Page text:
All the Blacks are men, all the women are white ...

In global contexts, Black women have historically been rendered invisible both within (white dominated) feminist movements and within (male dominated) Black power movements. [2] In Germany, this situation has been no different. Despite the fact that Black people have been living on German soil for well over 300 years, most white Germans have astoundingly little knowledge regarding the Black presence and influence in this country. And even among Black communities in Germany, the most well-known examples of Black German self-determination and resistance against racism prior to the mid-1980s are typically male: For example, Anton Wilhelm Amo, a Black man who in 1736 became the first Professor of African descent at a German university; and Rudolf Duala Manga Bell, a Cameroonian-born king and activist who resisted German colonial rule in Cameroon at the beginning of the 20th century and was therefore executed for high treason in 1914.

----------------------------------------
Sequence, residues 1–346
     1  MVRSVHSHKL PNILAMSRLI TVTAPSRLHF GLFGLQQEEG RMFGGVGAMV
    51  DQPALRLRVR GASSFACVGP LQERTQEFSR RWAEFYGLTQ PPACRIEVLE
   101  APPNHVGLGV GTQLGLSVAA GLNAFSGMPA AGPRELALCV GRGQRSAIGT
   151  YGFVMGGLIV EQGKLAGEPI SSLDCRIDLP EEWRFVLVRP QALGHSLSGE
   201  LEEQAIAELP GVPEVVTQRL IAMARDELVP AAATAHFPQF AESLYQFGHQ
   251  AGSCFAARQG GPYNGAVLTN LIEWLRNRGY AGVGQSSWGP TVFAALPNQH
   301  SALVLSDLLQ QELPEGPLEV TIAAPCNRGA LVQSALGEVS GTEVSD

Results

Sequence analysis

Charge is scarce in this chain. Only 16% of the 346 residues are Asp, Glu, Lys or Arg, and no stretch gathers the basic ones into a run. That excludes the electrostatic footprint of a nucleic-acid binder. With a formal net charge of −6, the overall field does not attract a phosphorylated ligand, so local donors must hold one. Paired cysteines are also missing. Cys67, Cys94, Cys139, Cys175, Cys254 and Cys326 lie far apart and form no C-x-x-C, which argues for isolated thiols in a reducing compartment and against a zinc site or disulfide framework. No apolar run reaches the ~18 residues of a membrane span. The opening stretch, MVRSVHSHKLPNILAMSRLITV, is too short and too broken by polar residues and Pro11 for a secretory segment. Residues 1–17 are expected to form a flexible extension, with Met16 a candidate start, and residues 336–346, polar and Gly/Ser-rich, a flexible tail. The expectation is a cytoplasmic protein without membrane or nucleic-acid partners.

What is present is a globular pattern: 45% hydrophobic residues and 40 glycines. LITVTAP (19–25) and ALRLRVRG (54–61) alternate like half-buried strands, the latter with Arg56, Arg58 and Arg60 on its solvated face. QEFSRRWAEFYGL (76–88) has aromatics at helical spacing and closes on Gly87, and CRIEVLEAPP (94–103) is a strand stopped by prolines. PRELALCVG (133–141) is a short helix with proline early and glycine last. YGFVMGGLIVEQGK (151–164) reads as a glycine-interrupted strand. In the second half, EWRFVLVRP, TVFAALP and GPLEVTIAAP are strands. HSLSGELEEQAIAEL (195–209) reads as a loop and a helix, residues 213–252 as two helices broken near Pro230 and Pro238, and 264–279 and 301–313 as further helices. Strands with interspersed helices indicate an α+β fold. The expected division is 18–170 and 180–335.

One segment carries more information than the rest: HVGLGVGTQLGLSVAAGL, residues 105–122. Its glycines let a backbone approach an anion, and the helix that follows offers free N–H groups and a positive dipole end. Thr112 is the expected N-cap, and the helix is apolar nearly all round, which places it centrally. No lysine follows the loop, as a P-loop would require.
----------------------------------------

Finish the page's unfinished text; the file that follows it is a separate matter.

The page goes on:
Similarly, Simone de Beauvoir and Clara Zetkin are well-known and respected figures within the German feminist movement and, for the most part, in mainstream German society. These ladies are both white. However, for their respective contributions to the anti-racism movement and the women's movement in Germany, Black women like Emily Duala Manga Bell (an anti-colonialist activist who survived her husband, named above) and Fasia Jansen (a peace activist and survivor of the Neuengamme concentration camp) also deserve credit and recognition.

The German context is one which has in the past legally denied the existence of Black Germans; one in which countless numbers of Black children were raised with only negative terms to describe them; one in which many of these same children were sterilised due to racist Nazi miscegenation laws; and one where Black individuals have often lived their entire lives with no knowledge of the existence of other people who look just like them. In this context, where cultural representations are dominated by the ideals of white and male, and where typical critical positions to these were either Black male or white female, Black German lesbians and women have faced multiple hurdles. It was within this context that Audre Lorde first visited Berlin in 1984 to lecture at the Free University and to connect with young Black women living there.

"First, we must recognize each other"